How to Investigate the Use of Medicines by Consumers
(2004; 98 pages) Ver el documento en el formato PDF
Índice de contenido
Ver el documentoAcknowledgements
Ver el documentoPreface
Abrir esta carpeta y ver su contenido1. Why study medicines use by consumers
Abrir esta carpeta y ver su contenido2. What influences medicines use by consumers
Abrir esta carpeta y ver su contenido3. How to study medicines use in communities
Abrir esta carpeta y ver su contenido4. Prioritizing and analysing community medicines use problems
Cerrar esta carpeta5. Sampling
Ver el documento5.1 Introduction
Ver el documento5.2 Selection of study sites and study units
Ver el documento5.3 Purposeful sampling for qualitative studies
Ver el documento5.4 Probability sampling methods for quantitative studies
Ver el documento5.5 Bias in sampling
Ver el documento5.6 Sample size
Abrir esta carpeta y ver su contenido6. Data analysis
Abrir esta carpeta y ver su contenido7. Monitoring and evaluating rational medicines use interventions in the community
Ver el documentoBack cover

5.5 Bias in sampling

Bias in sampling is a systematic error in sampling procedures that leads to a distortion in the results of the study. Bias can also be introduced as a consequence of improper sampling procedures that result in the sample not being representative of the study population. For example, a study to determine the drug information needs of a rural population and plan a community drug use intervention failed to give a picture of the health needs of the total population because a nomadic tribe, which accounted for one-third of the total population, was left out of the study.

There are several possible sources of bias in sampling. The best known source of bias is non-response. In a survey trying to establish how men treat sexually transmitted infections (STIs), it was found that many men refused to answer certain questions, such as whether they had attended an STI clinic in the past month. It is possible that these men feared the consequences of disclosing such sensitive information to an outsider. The researchers may therefore not get a realistic picture of the treatment of STI in the community. Non-response is encountered mainly in studies where people are being interviewed or asked to fill in a questionnaire. They may refuse to be interviewed or forget to fill in the questionnaire. The problem lies in the fact that non-respondents in a sample may exhibit characteristics that differ systematically from the characteristics of respondents. There are several ways to deal with this problem and reduce the possibility of bias:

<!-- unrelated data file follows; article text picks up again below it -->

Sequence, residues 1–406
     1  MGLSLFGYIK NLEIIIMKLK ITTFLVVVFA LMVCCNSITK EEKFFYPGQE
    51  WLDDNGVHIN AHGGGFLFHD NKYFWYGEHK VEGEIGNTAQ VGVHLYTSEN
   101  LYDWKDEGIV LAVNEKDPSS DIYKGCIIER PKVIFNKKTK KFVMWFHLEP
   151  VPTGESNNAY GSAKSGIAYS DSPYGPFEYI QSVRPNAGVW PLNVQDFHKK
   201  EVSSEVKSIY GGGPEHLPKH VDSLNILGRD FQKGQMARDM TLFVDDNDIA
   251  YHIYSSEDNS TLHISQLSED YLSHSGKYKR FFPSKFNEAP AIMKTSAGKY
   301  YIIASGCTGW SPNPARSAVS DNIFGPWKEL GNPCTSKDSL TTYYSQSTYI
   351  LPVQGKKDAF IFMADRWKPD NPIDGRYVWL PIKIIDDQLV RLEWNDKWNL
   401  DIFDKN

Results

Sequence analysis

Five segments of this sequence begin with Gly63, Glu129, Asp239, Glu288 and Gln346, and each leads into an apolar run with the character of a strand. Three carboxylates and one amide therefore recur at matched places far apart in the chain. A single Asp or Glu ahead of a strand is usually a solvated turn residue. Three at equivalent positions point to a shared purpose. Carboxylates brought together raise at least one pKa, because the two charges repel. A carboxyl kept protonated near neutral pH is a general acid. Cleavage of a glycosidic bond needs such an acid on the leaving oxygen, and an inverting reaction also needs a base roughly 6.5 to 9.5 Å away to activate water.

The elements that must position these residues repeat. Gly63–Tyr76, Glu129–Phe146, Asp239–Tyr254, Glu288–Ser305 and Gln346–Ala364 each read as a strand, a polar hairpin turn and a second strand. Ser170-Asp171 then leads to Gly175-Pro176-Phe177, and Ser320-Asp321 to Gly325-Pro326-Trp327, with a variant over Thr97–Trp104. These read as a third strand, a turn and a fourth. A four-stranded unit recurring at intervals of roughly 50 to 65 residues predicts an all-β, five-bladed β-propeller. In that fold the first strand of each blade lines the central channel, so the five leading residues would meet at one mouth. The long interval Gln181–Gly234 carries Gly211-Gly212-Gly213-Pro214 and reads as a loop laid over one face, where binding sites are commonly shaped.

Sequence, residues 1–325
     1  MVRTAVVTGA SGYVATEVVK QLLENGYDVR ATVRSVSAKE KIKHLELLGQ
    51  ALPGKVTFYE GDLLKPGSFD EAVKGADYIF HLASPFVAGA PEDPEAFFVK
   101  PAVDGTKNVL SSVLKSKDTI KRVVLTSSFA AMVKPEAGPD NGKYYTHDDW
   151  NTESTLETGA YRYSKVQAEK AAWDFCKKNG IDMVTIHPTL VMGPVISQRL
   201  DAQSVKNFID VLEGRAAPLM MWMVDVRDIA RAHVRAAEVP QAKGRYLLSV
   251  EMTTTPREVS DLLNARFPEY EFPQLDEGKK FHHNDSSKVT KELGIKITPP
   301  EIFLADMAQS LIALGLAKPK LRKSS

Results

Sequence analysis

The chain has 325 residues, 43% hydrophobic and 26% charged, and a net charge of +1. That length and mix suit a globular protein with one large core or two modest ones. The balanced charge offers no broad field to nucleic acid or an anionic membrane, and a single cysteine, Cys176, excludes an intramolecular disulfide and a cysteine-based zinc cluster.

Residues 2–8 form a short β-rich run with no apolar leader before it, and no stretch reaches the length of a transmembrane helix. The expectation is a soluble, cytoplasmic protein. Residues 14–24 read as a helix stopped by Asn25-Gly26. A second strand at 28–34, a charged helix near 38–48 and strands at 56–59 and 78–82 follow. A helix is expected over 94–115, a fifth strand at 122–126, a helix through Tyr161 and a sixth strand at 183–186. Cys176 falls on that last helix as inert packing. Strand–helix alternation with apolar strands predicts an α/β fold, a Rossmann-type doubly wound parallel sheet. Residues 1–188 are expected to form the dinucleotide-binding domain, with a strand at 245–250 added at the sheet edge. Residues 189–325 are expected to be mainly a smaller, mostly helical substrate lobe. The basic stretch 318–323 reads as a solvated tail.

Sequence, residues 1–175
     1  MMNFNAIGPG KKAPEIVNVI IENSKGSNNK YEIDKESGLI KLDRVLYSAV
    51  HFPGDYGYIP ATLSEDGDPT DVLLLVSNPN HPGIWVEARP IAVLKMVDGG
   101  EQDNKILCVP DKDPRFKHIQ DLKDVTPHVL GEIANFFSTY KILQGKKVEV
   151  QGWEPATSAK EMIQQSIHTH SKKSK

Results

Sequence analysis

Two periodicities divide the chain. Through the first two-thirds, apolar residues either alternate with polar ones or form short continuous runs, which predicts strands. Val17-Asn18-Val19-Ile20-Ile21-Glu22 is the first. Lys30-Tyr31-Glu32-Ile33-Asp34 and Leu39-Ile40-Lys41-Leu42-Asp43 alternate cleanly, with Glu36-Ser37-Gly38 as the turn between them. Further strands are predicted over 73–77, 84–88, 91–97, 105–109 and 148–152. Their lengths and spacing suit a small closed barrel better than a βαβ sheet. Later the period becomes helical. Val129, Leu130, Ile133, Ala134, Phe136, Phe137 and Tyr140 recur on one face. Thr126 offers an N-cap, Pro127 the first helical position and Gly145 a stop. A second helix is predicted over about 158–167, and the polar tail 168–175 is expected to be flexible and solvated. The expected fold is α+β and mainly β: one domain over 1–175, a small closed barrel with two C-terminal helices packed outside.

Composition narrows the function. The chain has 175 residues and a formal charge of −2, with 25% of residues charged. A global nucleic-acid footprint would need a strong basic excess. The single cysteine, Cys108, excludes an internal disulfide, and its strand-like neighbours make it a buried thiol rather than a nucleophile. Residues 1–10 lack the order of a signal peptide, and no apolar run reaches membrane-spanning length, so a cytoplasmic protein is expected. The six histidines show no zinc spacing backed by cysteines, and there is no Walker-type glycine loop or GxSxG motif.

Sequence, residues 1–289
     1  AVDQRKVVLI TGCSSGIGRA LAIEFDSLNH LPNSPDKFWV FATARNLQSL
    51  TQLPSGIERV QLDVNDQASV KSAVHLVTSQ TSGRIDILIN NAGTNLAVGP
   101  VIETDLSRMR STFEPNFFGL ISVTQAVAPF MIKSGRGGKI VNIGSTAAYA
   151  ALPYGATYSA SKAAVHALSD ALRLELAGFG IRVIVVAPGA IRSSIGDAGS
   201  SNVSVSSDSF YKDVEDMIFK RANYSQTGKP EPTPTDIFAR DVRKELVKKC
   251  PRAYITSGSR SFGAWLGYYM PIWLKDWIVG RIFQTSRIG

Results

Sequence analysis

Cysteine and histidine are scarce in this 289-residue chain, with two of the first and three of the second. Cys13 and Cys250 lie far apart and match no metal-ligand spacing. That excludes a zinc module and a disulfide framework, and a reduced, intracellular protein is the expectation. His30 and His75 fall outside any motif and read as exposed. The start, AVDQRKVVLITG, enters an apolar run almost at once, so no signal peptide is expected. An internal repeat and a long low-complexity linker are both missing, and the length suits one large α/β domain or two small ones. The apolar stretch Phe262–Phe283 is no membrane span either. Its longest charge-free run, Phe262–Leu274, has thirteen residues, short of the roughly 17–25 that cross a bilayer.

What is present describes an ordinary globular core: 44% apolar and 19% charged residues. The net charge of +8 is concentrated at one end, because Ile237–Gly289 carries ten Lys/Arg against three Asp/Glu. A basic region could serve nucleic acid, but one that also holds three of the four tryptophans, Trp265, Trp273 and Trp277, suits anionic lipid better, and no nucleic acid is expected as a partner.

• data-collection tools (including written introductions for the interviewers to use with potential respondents) have to be pretested. If necessary, adjustments should be made to ensure better cooperation.

• if non-response is due to absence of the subjects, follow-up of non-respondents may be considered.

• if non-response is due to refusal to cooperate, a few extra questions to non-respondents may be considered to discover to what extent they differ from respondents.

• another strategy is to include additional people in the sample, so that non-respondents who were absent during data collection can be replaced. However, this can only be justified if their absence was very unlikely to be related to the topic being studied.

The bigger the non-response rate, the greater the need to take remedial action. It is important in any study to mention the non-response rate and to discuss honestly whether and how it might have influenced the results. Other sources of bias in sampling may be less obvious, but are at least as serious:

Studying volunteers only. This produces selectivity (or bias) in assigning subjects to various groups. The fact that volunteers are motivated to participate in the study may mean that they are also different from the study population in the factors being studied. It is better to avoid using non-random procedures that introduce the element of choice.

Sampling of registered patients only. Patients reporting to a clinic are likely to differ systematically from people using self-medication.

Seasonal bias. It may be that the problem under study exhibits different characteristics in different seasons of the year. For this reason, data on the prevalence and distribution of malnutrition in a community, for example, should be collected during all seasons rather than just at one time. When investigating health services’ performance, to give another example, one has to take into account that towards the end of the financial year shortages may occur in certain budget items which may affect the quality of services delivered.

Tarmac bias. Study areas are often selected because they are easily accessible. However, these areas are likely to be systematically different from more inaccessible areas.

If the recommendations from a study will be implemented in the entire study population, you should aim to draw a sample from this population in a representative way. If part way through the research new evidence suggests that the sample was not representative, this should be mentioned in any publication concerning the study, and care must be taken not to draw conclusions or make recommendations that are not justified.

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